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Coach Trying to Run a Reverse

October 08, 2003|Eric Stephens | Times Staff Writer

For every team such as Dorsey and Venice that's making a run at an undefeated season, there are those that can't seem to buy a victory, be they hopelessly overmatched or simply unable to catch a break.

Los Angeles Washington was one of those unfortunate teams until Friday, when the Generals stopped an 18-game losing streak with a 13-9 victory over visiting L.A. Locke.

It was Washington's first victory since it defeated University in Week 4 of the 2001 season.

"They were so ecstatic," first-year Coach Eugene McAdoo said of his players. "A couple of players came up to me and told me this was the first win of their high school career."

Several other teams are also looking to end streaks. Granada Hills Kennedy has dropped 15 in a row, and Hollywood has lost its last 26 games. Hamilton ended a 12-game streak with a victory over Washington in a season opener.

For Washington, its victory was a bright moment in an otherwise rough year for the school and its athletic program. On Aug. 23, Daniel Fitzgerald, a forward on the basketball team, was shot to death a few blocks from campus. That same month, the softball team had to forfeit its 2003 City Invitational title because it used an ineligible player.

Last March, several hundred Washington students were involved in an on-campus brawl with L.A. Unified school police officers, resulting in 11 arrests and prompting the school district to remove Principal James Noble.

McAdoo has taught at Washington for 10 years and has seen the slow decline of its football program. The Generals reached the City 3-A semifinals in 1993 but have not come close since.

"I watched a lot of different coaches, good coaches, try to resurrect this program," he said. "I know the pitfalls. There's some administration support now that was not really available to some of the other guys. I figured if I could get it done, this would be a really good accomplishment."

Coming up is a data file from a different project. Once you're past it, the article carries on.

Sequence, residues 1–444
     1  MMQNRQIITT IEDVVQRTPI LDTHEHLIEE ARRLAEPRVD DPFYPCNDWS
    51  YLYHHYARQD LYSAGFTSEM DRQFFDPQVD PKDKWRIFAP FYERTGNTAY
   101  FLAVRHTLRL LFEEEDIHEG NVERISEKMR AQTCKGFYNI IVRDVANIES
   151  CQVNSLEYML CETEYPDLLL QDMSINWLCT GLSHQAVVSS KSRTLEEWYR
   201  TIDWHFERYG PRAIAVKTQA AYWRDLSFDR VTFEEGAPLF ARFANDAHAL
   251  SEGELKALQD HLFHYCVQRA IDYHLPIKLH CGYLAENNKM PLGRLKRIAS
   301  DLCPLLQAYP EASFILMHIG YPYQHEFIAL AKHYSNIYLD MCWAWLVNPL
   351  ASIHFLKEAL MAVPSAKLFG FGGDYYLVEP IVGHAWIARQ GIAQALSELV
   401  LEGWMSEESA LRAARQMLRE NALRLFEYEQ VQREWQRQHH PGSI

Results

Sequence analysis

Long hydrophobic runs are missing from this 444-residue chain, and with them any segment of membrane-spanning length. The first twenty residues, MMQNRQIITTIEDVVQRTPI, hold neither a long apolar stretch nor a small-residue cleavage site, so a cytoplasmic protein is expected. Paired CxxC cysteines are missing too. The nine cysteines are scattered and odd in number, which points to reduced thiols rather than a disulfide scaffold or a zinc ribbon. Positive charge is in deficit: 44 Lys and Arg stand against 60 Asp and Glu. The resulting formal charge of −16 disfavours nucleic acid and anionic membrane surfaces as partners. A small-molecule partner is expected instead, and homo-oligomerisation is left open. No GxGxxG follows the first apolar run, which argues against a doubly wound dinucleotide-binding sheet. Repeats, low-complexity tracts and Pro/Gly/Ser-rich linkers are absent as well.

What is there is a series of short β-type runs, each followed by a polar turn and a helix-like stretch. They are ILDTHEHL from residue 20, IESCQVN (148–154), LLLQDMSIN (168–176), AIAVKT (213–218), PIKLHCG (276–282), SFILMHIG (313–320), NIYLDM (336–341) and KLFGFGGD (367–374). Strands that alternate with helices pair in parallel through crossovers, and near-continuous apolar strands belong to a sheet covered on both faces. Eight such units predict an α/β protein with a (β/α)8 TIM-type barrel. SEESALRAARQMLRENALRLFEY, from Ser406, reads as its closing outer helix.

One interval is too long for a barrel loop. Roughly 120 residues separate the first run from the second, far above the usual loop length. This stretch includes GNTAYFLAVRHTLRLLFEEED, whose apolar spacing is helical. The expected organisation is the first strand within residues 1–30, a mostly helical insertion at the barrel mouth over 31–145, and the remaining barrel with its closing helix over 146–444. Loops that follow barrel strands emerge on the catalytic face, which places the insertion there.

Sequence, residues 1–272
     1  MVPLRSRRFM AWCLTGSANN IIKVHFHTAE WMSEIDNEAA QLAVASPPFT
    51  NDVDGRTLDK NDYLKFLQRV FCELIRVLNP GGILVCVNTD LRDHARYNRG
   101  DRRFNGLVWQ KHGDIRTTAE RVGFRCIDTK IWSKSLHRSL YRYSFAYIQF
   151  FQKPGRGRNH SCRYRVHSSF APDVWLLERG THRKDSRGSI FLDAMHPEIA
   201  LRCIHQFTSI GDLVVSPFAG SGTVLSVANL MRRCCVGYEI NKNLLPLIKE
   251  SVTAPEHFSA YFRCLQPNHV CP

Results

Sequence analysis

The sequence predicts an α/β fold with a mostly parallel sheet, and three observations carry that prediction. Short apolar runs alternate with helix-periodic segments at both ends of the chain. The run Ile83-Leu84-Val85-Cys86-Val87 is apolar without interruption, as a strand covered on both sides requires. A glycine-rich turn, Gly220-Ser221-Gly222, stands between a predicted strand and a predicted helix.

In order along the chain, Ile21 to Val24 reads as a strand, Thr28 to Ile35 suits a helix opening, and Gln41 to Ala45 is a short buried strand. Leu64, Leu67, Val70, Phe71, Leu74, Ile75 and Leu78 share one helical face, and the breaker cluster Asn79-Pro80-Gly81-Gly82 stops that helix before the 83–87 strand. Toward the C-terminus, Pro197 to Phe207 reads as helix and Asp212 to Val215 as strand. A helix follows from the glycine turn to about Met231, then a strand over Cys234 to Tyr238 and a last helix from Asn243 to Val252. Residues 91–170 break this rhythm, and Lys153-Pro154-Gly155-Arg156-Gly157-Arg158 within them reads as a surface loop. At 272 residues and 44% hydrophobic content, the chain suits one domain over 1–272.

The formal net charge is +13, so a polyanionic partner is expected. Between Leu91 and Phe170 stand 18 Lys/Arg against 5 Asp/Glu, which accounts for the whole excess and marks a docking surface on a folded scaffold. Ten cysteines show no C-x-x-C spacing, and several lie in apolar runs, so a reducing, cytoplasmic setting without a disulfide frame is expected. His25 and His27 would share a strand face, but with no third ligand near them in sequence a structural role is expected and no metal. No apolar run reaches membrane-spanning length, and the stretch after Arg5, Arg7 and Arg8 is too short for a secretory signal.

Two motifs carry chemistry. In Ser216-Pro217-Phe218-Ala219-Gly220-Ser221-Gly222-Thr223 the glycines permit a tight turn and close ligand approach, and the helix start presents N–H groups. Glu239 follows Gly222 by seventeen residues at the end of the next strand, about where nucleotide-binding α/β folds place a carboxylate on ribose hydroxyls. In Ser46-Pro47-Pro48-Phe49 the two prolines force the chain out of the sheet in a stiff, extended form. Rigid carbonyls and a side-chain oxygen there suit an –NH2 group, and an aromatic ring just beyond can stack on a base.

McAdoo knows what it's like to be at the top. He was a co-coach at Dorsey with Paul Knox from 1985-90, and the two led the Dons to their first section title in 1989. McAdoo left the next season to become an assistant coach at West L.A. College, where he stayed for nearly a decade before spending one year as an assistant at L.A. Southwest.

Although he was hesitant at first about becoming a head coach again, McAdoo said he's in it for the long run at Washington.

"I've seen all the good and the bad that can happen during the course of a season," he said. "I've got a great bunch of kids who are very coachable, and if we can get a few more players, I think we can do some things.

"I want to be at this until we get it turned around again."

Stability is something Jeff Trovatten is trying to create at Hollywood.

In 2001, the Sheiks gave up 14 points or less in five games but finished 0-9. Then LaMonte Peters left the program to coach at Washington, where he stayed only one season.

"He had done a nice job and had them to the next step, but then he left," said Trovatten, in his second year. "Then it just started to snowball downward."

Becoming competitive again has proved a daunting task. Last year, Hollywood managed only 48 points all season and lost by an average of 44.5 points. This season, the Sheiks have lost by scores of 49-6, 37-12, 34-0 and 40-0.

Trovatten trudges on. Small victories, such as a scoring drive or a winning quarter, are cherished.

"I knew that I was going to be in a long battle," he said. "We're just trying to get a little better each game.... Every Monday, I tell the kids that this is a new week and if we can execute this way, we can be in the ballgame in the fourth quarter."

The biggest challenge is winning over players who have been beaten down by losing and wonder whether their coaching staff will stay committed to them.

Trovatten is doing his part by simply returning for another season and also by establishing mandatory weight-room workouts and trying to make sure his players remain academically eligible.

"We're making some headway," Trovatten said. "Not all of our kids are into that same goal. I'm sure some say, 'You know, you can't kick us off the team, because you won't have a team.' But a lot of the time, it's just they really don't know what hard work it takes to win.

"A lot of people say we can't get it done here, but I say we can. It may take some time, but it's not impossible."

Travis Sterling, a senior wide receiver and safety at Washington, offered his perspective on why a player should stick it out during trying times.

"I love the sport," he said. "If you don't love the sport, then why do it? When you give up, that's it."


City top 10: 1. Venice (4-0); 2. Dorsey (4-0); 3. Gardena (4-0); 4. Crenshaw (3-1); 5. Fremont (3-0-1); 6. San Pedro (3-1); 7. Granada Hills (3-1); 8. Birmingham (1-3); 9. Carson (2-2); 10. Marshall (4-0).

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